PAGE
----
Being able to give real time on-board advice, without depending on extensive sets of measured data, is the ultimate goal of the digital twin concept. Ideally, the models used in a digital twin only rely on current in-service data, although they have been built using simulated and possibly some measured data. Working with just the 6-DOF motions of a ship, can the local sea state reliably be estimated using the digital twin concept? Does a general model exist to do so, without the need to measure or simulate the particular ship?
In this paper, we discuss how simulations of an advancing ship, subjected to various sea states, can be used to estimate the relative wave direction from in-service motion measurements of the corresponding ship. Various types of neural networks are used and evaluated with simulated data and measured data. In order to study the generalization power of the neural networks, a range of ships has been simulated, with varying lengths, drafts and geometries. Neural networks have been trained on selections of the ships in this extended training set and evaluated on the remaining ships.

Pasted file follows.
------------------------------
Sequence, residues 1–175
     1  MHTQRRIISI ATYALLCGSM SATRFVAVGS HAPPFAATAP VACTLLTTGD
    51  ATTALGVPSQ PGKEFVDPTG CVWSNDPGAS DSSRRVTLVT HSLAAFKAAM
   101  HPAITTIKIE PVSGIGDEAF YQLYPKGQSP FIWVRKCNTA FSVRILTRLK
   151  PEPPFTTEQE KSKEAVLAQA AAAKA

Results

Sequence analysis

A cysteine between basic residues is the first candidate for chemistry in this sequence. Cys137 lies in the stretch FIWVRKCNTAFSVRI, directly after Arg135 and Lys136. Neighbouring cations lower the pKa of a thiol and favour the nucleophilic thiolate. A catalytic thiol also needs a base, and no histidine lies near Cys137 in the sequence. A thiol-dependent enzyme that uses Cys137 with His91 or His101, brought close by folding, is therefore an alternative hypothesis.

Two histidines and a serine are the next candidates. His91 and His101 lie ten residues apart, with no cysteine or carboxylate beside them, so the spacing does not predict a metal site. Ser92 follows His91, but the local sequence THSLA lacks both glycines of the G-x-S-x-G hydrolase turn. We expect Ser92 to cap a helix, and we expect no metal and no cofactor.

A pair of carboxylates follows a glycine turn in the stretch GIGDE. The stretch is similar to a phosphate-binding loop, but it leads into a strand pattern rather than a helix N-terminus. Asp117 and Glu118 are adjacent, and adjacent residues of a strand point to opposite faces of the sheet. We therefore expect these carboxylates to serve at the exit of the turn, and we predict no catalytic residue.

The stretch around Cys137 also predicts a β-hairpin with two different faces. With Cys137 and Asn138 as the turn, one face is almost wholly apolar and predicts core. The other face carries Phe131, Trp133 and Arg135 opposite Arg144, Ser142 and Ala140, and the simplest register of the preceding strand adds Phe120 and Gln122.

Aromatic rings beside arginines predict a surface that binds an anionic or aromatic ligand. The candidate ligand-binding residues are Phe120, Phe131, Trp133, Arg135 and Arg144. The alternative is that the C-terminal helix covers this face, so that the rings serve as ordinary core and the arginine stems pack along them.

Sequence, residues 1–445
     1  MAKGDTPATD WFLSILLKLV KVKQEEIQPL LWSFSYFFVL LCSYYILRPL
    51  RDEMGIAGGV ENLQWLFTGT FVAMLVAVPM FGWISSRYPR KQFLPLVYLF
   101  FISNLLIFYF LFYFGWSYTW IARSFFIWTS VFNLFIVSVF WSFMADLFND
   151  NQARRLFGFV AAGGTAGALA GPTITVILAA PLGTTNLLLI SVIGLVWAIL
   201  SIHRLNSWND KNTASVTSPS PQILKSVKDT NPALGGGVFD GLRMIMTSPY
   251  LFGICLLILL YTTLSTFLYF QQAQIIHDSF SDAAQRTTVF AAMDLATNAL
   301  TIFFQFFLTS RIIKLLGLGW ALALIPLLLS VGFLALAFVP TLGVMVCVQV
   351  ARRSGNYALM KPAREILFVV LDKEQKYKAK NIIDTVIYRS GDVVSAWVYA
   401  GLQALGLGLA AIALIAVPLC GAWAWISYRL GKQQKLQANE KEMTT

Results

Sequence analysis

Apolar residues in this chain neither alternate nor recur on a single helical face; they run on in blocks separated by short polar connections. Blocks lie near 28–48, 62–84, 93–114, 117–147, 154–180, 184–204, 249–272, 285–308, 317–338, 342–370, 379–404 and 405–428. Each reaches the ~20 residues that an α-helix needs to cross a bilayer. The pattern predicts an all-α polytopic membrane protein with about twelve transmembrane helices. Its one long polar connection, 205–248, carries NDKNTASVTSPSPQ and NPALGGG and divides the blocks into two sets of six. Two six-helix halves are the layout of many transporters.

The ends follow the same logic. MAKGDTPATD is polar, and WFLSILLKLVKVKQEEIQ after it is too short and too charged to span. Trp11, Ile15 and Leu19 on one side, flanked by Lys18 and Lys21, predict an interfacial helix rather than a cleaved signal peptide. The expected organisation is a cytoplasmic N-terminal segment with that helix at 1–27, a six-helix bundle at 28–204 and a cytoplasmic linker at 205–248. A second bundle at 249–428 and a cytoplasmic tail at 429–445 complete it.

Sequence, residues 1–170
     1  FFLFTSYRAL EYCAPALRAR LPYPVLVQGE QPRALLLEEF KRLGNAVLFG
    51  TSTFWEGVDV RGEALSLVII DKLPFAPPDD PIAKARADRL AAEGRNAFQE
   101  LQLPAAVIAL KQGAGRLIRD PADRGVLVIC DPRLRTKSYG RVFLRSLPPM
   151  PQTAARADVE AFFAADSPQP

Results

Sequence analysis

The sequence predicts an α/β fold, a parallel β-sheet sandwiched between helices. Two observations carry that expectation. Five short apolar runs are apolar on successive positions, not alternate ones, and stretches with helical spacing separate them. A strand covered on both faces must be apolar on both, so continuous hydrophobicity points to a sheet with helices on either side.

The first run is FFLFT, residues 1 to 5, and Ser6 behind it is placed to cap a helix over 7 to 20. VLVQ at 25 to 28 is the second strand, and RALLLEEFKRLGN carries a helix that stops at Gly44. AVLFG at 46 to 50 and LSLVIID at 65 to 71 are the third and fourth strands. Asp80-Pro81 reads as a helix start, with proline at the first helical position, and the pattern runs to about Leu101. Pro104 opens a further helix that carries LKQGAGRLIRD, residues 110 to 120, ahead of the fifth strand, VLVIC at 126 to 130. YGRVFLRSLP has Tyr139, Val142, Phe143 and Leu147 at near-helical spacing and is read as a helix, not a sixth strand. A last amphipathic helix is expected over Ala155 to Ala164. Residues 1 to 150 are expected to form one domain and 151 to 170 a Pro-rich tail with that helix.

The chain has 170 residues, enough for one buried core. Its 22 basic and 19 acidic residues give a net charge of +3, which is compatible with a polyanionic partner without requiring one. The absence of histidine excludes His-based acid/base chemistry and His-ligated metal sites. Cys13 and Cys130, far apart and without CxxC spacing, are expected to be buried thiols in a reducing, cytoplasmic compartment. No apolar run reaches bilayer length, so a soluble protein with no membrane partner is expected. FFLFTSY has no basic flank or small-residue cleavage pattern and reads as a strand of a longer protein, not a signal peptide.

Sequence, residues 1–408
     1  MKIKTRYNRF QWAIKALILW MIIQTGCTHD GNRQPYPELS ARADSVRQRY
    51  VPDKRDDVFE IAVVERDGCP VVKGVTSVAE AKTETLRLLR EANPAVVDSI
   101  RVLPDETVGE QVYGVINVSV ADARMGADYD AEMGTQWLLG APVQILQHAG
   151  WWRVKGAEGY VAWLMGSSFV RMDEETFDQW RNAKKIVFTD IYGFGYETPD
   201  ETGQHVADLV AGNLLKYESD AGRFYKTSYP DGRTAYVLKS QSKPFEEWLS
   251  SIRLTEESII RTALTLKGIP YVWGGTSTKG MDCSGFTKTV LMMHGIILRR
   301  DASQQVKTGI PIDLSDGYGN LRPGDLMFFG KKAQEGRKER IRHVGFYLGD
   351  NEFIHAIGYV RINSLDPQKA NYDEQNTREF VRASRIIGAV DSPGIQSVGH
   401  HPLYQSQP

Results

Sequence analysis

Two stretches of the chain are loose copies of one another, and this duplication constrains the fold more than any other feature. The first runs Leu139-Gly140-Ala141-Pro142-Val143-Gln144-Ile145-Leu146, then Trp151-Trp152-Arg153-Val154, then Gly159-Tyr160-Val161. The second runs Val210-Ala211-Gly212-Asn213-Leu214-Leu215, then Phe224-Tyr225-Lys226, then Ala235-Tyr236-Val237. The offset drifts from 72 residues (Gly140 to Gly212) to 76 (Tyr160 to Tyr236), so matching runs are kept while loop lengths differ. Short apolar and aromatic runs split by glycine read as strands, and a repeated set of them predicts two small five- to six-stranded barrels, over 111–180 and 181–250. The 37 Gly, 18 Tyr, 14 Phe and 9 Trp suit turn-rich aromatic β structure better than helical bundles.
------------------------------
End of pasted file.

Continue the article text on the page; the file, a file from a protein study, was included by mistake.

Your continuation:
Results show that the developed neural networks give a remarkable performance in simulation data. Furthermore, generalization over geometry is very good, opening the door to train a general model for estimating sea state characteristics. Using the same model for in-service measurements does not perform well enough yet and further research is required. The paper will include discussion on possible causes for this performance gap and some promising ideas for future work.